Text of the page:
That little bit of caution from an imaginative chef explodes into full-blown fear by the time it reaches such distant locales as Fairfield, Iowa, or Western Europe. John Hagelin, Natural Law Party presidential candidate and professor at the Maharishi University in Fairfield, says that "when genetic engineers disregard the reproductive boundaries set in place by natural law, they run the risk of destroying our genetic encyclopedia." Hagelin mostly fears the creation of a "genetic soup," whatever that means. Another member of the Maharishi faculty, John Fagan, whose company Genetic ID blew the lid off Kraft Foods, advocates organic farming and meditation instead of science. Apparently, food grown into feces is healthier than food injected with basic genetic material.

More credible voices also join the antigenetic fray. "We're not using any of that stuff," Patrick Peeters of Chez Gerard said adamantly. Of course, the chef at Chez Gerard is French, and Europeans have been rabid in their opposition to genetically engineered foods. The United States accounts for 72 percent of all land planted with genetically engineered crops. Argentina grows 17 percent, Canada 10 percent, and nine other countries divide the remaining 1 percent. "I've never been a big fan of genetically engineered foods," Pitzer says. "Sometimes nature is just better off on its own. Anyway, I'd be afraid of creating a cancer cocktail."

Yet the Food and Drug Administration insists any genetically engineered foods reaching the shelf or kitchen will be safe, and a number of opposition scientists admit the same. "There is no evidence that genetically modified foods have harmed a single consumer or the environment," says Michael Jacobson of the Center for Science in the Public Interest, while advocating continued FDA review and product labeling.

Yet farmers, alchemists, priests, scientists, and an occasional Founding Father have been genetically modifying plants and animals for at least 10,000 years, give or take, through controlled breeding and other haphazard processes. For example, ancient farmers saved seeds from the hardiest crops, eliminating the weakest strains. Medieval tillers crossed domestic crops with wild versions more resistant to disease, creating hybrid foods. And they did it all with very little opposition from prehistoric versions of Greenpeace. Science really began intervening in the early 1970s, as it perfected the transfer of isolated genes into another organism's DNA. Large corporate investment didn't kick in until a 1980 Supreme Court ruling extended patent protection to these new products. By the mid-1990s, only 18 genetically engineered foods managed to clear FDA, USDA, and Environmental Protection Agency inspections. The FDA currently lists soybean, corn, three types of tomato, canola, squash, papaya, and a few other food items as safe. They also approved some agents that go into food items during the production process, such as chymosin, a clotting agent used in cheese.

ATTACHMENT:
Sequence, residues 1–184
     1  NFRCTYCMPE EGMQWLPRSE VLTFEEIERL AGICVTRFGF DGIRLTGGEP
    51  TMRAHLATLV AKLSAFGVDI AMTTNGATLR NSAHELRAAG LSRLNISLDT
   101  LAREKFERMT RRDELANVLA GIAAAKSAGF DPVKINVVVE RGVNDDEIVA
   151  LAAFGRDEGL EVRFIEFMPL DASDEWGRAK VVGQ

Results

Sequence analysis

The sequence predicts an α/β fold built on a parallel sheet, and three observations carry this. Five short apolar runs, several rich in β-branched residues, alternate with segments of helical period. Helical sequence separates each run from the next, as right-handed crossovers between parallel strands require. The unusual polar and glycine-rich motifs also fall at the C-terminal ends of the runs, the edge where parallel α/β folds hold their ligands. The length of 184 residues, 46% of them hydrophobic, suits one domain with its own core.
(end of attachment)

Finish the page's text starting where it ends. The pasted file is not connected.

Activists won the most recent round, however. Aventis, producer of StarLink corn, agreed to buy back its product from farmers at an estimated cost of $70 million, and grocery clerks perhaps earned some overtime hours pulling taco shells from the shelves. Meanwhile, according to U.S. Agriculture Secretary Dan Glickman, the world's population will reach 9 billion by mid-century, and more than 800 million people exist in a chronic state of malnourishment. No amount of manure will produce enough to feed the increase with any certainty.

On the other hand, genetically engineered foods continue to filter into the market, and overt resistance becomes an uncertain thing. "We don't use any genetically engineered foods," said Green Room's Pitzer. "At least, not on purpose."